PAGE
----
Again, this assessment reflects Moreh being so deeply situated inside of the problem that he cannot perceive it clearly. Moreh assumes that achieving peace with the Palestinians is the only “long-term strategy” Israel could possibly have and, in its absence, Israel pursues no strategy at all.

However, an objective assessment of Israeli history tells us that there has been another strategy in place. The Zionist leaders have, in fact, always had a long-term strategy to avoid any meaningful peace settlement, so as to allow: 1. occupation of all “Eretz Israel,” 2. the ethnic cleansing or cantonization of the native population, and 3. settlement of the cleansed territory with Jews.

It is because of this same naivete that Moreh confesses himself “shocked” when Avraham Shalom compares the occupation of the Palestinian territories to “Germany’s occupation of Europe.” It is to Shalom’s credit that he made the statement on camera, and to Morah’s credit that he kept the statement in the final version of the film. But then Moreh spoils this act of bravery when he tells Amanpour: “Only Jews can say these kind of words. And only they can have the justification to speak as they spoke in the film.”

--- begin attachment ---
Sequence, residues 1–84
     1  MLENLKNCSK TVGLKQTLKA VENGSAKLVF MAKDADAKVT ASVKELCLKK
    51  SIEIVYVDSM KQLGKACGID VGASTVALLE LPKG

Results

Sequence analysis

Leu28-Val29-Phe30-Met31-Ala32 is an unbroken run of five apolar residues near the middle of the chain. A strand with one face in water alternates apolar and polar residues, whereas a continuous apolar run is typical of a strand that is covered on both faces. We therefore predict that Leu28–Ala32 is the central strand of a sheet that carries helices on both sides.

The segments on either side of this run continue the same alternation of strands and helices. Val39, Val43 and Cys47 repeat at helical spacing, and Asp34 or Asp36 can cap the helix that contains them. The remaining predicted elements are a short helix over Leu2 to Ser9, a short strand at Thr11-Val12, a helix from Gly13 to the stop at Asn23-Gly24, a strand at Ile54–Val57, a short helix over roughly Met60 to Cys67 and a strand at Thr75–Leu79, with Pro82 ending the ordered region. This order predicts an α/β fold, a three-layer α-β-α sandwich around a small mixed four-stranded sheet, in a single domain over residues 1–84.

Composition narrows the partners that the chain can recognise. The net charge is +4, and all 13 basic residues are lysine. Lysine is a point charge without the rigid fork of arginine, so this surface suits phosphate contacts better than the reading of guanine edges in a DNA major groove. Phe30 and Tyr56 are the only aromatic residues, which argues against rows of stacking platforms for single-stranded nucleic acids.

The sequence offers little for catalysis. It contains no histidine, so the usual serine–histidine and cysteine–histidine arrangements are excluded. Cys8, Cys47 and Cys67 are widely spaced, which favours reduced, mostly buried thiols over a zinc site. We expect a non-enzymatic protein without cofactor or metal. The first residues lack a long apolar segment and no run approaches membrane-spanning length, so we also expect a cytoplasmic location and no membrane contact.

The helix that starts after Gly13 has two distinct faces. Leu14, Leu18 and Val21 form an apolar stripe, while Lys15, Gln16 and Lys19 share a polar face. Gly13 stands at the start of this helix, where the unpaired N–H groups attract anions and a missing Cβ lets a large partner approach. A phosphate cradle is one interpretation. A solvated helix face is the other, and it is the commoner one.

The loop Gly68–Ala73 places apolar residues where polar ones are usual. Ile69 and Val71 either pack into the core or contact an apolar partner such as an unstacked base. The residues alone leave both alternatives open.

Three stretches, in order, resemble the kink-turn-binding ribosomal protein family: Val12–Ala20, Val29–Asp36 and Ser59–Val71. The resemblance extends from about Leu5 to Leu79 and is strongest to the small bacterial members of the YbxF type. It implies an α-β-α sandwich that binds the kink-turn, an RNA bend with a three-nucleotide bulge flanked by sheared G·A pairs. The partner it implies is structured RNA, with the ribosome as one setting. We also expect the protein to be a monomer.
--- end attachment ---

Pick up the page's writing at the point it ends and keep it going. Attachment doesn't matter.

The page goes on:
Well, I can think of one other group of people who has every right to make the same comparison Shalom makes – the Palestinians.

Retired Official’s Confession Syndrome 

For all its shortcomings, the film is a step forward in the ongoing effort to deny the idealized Zionist storyline a monopoly in the West. Indeed, that “The Gatekeepers” was made at all, and was received so positively at major film venues, is a sign that this skewed Israeli storyline is finally breaking down. Certainly, this deconstruction still has a long way to go, but the process is picking up speed.

On the other hand, there is something troubling about the belated nature of the insights given in these interviews.  They are examples of what I like to call the “retired official’s confession syndrome.” Quite often those who, in retirement, make these sorts of confessions were well aware of the muddled or murderous situation while in office. But, apparently, they lacked the courage to publicize it at the time. It would have meant risking their careers, their popularity, and perhaps relations with their friends and family.